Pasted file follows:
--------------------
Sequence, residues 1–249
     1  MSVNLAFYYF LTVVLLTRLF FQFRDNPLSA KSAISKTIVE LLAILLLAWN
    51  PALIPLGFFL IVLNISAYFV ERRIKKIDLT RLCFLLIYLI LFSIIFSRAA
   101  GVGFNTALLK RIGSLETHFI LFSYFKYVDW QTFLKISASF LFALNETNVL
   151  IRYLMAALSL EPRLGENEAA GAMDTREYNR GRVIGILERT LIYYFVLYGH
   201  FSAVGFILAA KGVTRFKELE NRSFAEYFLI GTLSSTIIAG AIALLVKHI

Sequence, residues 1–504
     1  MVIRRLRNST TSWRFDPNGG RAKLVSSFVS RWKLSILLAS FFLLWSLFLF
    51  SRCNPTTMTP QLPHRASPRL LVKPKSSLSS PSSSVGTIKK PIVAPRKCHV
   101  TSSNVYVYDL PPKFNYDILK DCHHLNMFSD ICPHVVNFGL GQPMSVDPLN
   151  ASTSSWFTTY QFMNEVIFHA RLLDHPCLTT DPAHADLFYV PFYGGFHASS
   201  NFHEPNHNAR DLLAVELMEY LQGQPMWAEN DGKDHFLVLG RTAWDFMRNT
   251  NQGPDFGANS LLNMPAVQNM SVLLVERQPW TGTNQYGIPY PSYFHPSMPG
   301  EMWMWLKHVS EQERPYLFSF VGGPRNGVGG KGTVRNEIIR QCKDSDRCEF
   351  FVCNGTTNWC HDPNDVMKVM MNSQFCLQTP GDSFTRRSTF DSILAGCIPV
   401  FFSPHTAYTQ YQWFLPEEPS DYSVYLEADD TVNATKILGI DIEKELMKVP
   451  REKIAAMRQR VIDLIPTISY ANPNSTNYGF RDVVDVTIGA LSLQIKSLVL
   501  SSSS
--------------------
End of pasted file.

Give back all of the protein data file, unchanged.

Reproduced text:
Sequence, residues 1–249
     1  MSVNLAFYYF LTVVLLTRLF FQFRDNPLSA KSAISKTIVE LLAILLLAWN
    51  PALIPLGFFL IVLNISAYFV ERRIKKIDLT RLCFLLIYLI LFSIIFSRAA
   101  GVGFNTALLK RIGSLETHFI LFSYFKYVDW QTFLKISASF LFALNETNVL
   151  IRYLMAALSL EPRLGENEAA GAMDTREYNR GRVIGILERT LIYYFVLYGH
   201  FSAVGFILAA KGVTRFKELE NRSFAEYFLI GTLSSTIIAG AIALLVKHI

Sequence, residues 1–504
     1  MVIRRLRNST TSWRFDPNGG RAKLVSSFVS RWKLSILLAS FFLLWSLFLF
    51  SRCNPTTMTP QLPHRASPRL LVKPKSSLSS PSSSVGTIKK PIVAPRKCHV
   101  TSSNVYVYDL PPKFNYDILK DCHHLNMFSD ICPHVVNFGL GQPMSVDPLN
   151  ASTSSWFTTY QFMNEVIFHA RLLDHPCLTT DPAHADLFYV PFYGGFHASS
   201  NFHEPNHNAR DLLAVELMEY LQGQPMWAEN DGKDHFLVLG RTAWDFMRNT
   251  NQGPDFGANS LLNMPAVQNM SVLLVERQPW TGTNQYGIPY PSYFHPSMPG
   301  EMWMWLKHVS EQERPYLFSF VGGPRNGVGG KGTVRNEIIR QCKDSDRCEF
   351  FVCNGTTNWC HDPNDVMKVM MNSQFCLQTP GDSFTRRSTF DSILAGCIPV
   401  FFSPHTAYTQ YQWFLPEEPS DYSVYLEADD TVNATKILGI DIEKELMKVP
   451  REKIAAMRQR VIDLIPTISY ANPNSTNYGF RDVVDVTIGA LSLQIKSLVL
   501  SSSS